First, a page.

'Opted-out' Pinellas teachers finding new positions in the district
The Pinellas County school district is in a race to find quality teachers who are up for the challenge of teaching the county's neediest children by the early start of school.
The district has held two job fairs to find teachers for all schools, especially for five struggling south St. Petersburg elementary schools (highlighted in the Times' Failure Factories) that will undergo a transformation process in the coming school year that includes a lengthened school day.
Earlier this year, teachers were given the option to voluntarily "opt-out" of 18 "turnaround" schools for placement at another school. Some teachers were also involuntarily transferred out of the schools to be replaced by higher quality teachers.
As of Tuesday, 16 teachers have either voluntarily or involuntarily left Campbell Park, 25 have left Fairmount Park, 19 left Lakewood, 14 left Maximo and 21 left Melrose.
Amid fears that teachers who either left or were forced out would not find placement at another school in the district, Pinellas teachers union president Mike Gandolfo recently wrote an open letter to district superintendent Mike Grego and the Pinellas County School Board urging district officials to fill positions at non-turnaround schools with teachers already employed inside the district before recruiting outside hires.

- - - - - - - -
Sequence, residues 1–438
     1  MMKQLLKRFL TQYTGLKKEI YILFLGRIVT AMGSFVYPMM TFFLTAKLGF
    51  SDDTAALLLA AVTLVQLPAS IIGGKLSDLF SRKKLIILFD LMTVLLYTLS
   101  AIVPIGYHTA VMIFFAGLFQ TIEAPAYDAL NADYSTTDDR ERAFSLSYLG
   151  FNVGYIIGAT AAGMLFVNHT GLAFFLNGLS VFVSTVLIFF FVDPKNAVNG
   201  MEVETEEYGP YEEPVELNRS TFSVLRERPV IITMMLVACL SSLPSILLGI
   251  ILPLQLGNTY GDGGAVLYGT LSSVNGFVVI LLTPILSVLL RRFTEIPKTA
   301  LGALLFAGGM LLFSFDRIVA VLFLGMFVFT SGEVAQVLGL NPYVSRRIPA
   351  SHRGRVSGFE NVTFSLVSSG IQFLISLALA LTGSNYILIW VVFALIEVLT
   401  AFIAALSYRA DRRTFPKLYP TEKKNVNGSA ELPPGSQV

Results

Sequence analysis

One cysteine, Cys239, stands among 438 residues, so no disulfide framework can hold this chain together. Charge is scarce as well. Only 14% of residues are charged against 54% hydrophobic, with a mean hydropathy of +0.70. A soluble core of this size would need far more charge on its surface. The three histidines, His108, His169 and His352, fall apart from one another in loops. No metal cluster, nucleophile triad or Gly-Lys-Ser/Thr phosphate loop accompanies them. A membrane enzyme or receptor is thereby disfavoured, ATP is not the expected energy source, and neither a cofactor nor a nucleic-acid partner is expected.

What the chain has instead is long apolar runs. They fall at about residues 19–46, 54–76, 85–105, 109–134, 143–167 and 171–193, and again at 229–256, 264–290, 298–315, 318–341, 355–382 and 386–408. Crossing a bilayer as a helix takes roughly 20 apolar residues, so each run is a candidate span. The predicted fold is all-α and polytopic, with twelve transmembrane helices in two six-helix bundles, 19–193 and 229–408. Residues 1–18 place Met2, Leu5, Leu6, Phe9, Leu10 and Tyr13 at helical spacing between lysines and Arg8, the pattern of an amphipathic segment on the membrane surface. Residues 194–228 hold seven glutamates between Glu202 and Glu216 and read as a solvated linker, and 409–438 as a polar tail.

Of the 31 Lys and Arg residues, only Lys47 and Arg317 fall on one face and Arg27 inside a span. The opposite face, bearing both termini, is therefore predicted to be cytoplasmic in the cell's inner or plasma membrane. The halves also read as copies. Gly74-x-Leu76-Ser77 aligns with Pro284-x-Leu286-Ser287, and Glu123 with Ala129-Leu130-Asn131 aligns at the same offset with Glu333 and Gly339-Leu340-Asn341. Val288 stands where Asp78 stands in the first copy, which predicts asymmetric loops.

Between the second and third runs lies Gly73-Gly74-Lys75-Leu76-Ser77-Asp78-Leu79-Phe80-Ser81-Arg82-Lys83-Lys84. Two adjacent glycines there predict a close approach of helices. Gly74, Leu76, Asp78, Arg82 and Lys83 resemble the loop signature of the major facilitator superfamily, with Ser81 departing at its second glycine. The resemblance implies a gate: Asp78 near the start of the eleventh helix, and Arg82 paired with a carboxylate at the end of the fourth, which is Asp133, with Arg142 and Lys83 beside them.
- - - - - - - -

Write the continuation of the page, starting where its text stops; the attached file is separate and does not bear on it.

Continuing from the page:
"It's just a slap in the face for a teacher that's already in the system to be competing for jobs with teachers that are not in the system," he said.
District spokeswoman Lisa Wolf said 160 teachers that have either chosen to leave the school or were involuntarily transferred have been placed at another school and 57 are awaiting placement.
Wolf explained in an email that the district "routinely has had a number of displaced teachers to place but has remained able to start the school year without any displaced teachers still requiring to be placed."
"If the district waited until all the displaced teachers were placed to make outside hires, we would not be able to start the 2016-17 school year fully staffed," she wrote.
At Tuesday's School Board meeting, Grego announced that out of 354 candidates that attended the latest job fair held on June 10, about 150 were offered contracts.
"Each and every day we’re continuing that process," he said. "We're continuing following up with those individuals and principals with checking their backgrounds and doing various things."